Claudia H. Navarro is an ELL educator in Miami, Florida. In this interview, Claudia discusses some of the strategies she uses to help struggling students master new content, shares ideas of helping students apply for college, and offers some advice for new ELL educators.
I work for a home language assistance program. And my role as a paraprofessional is to work with the students, the English language learners, from levels one through four. The most, the majority of the students that I get in a classroom are levels one through three. And I teach them what they learn in the classroom. I re-teach it, which are science, history and math in their home language.
I help them in the projects, how to interpret also the instructions from the classroom. So they can know what to do. I am a resource for them. So I try to be as helpful for them as much as possible. So they can understand, have good grades and succeed.
Social support, the social support that they need is they should have always someone in the school that could be a resource for them, that they could go to when they need to in regards to a counseling, advising. I always found that they need a lot of advice in what to do in their future studies. What to ... who to go to, how to apply for higher education, where should they go. And tell them what their resources are out there for them.
And emotional, they always need someone in school that shows that they care for them, you know, and be there for them whenever they need them.
Always taking into account that the student is in great need. Sometimes they misbehave because they don't understand the subjects in the classroom because they are speaking to them in English and they don't understand anything. So they find other ways to react.
Scaffolding in science
When they are struggling in science, I will, depending on what we're seeing right there in the moment, I do bring visuals. I have charts. I dissect the chapter in sections. So everything is not so overwhelming. So the student can understand that better.
Because if they haven't seen that a specific thing before, it's more difficult to understand. So explaining it in smaller sections is easier for them to get, to grasp, than if you give them the whole chapter and they have no idea what's going on.
I think it's very important for them, the students to learn content in their native language because they can understand it better, of course. Content is difficult already for them. So if it's in their language, it makes it easier.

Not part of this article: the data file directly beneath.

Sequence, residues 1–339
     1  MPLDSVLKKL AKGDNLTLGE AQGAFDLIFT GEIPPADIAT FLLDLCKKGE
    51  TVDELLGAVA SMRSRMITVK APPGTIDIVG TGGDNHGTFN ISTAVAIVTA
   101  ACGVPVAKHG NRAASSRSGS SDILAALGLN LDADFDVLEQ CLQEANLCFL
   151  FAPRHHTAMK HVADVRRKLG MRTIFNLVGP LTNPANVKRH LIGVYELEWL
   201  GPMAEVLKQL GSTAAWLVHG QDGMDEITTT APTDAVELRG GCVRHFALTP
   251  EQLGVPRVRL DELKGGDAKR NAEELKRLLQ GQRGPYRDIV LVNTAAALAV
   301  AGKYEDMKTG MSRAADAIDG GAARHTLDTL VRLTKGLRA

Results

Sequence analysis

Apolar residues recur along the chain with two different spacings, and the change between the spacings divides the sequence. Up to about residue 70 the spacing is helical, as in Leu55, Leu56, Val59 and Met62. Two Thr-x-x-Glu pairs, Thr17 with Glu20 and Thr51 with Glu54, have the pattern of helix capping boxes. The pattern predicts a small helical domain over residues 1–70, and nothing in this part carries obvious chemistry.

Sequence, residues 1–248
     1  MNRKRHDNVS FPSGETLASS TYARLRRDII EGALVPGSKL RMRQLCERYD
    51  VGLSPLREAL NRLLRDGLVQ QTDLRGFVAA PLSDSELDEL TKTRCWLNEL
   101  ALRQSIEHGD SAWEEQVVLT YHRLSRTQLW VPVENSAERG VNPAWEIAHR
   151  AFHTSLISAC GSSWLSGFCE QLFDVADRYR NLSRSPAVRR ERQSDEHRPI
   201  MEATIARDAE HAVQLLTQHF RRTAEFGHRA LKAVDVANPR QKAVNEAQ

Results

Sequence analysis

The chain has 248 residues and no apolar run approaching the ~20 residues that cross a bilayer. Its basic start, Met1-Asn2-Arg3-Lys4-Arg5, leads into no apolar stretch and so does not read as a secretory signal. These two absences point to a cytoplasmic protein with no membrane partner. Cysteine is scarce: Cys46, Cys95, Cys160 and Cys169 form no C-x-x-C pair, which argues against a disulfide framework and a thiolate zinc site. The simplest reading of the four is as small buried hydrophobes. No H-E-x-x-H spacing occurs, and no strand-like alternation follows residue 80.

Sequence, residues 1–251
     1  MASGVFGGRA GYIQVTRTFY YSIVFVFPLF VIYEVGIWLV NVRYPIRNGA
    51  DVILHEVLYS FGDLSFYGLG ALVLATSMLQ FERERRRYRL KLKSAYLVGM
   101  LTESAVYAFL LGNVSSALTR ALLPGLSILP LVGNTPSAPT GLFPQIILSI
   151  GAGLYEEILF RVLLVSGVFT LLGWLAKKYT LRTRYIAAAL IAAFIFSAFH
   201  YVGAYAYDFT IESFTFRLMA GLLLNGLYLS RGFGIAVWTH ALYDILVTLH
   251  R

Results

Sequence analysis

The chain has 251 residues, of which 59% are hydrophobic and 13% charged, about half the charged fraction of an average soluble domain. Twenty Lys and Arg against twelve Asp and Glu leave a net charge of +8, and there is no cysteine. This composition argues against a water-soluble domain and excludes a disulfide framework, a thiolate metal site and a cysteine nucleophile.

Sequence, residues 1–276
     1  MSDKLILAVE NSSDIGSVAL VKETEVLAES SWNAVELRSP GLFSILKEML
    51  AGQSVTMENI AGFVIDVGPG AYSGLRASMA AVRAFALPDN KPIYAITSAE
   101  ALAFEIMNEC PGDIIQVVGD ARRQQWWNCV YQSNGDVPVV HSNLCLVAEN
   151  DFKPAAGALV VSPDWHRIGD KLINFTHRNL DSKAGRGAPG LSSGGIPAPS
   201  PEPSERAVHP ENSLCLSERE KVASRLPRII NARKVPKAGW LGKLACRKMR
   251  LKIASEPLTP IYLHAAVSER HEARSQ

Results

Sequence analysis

They're in a new country, let’s say we’re talking about a new kind of history. This is sort of new for them. It's not their history. So they have to grasp the concept better in a different concept. So they need to learn it, slowly and to understand why, how this nation became to be the nation that it is.
So it is very important for them to know it in the language, in their language. If they learn it in English, maybe they'll get ten percent at most. So instead of learning it in a language that they don't understand and something totally new and they won't have the interest either to learn it or understand it.
Sometimes teachers do think that they already know a little bit about the subject and the concept. And that makes it very difficult for the students. Because the students don't have any background knowledge or they will not understand the concept at all.
They probably can go through the motions and do the work, but that doesn't mean they understand it. So that's why it's very important to explain it to them very slowly, very carefully, making sure they understand the concept.
this class is about U.S. history. And this teacher is always sending the student a lot of work and is going at the same pace as the rest of the classroom students.
And they are going to ... they are doing the chapter section by section. But the student is not getting anything. It's like this person is sending the student to make thirty definitions of a bunch of words that this student doesn't understand, have no idea what it is all about.
And then after that, answer the questions at the end of the section, six questions that the student doesn’t understand the history at all. And, of course, doesn't understand the language. So that child is totally lost.
And they're assuming that they're getting the information.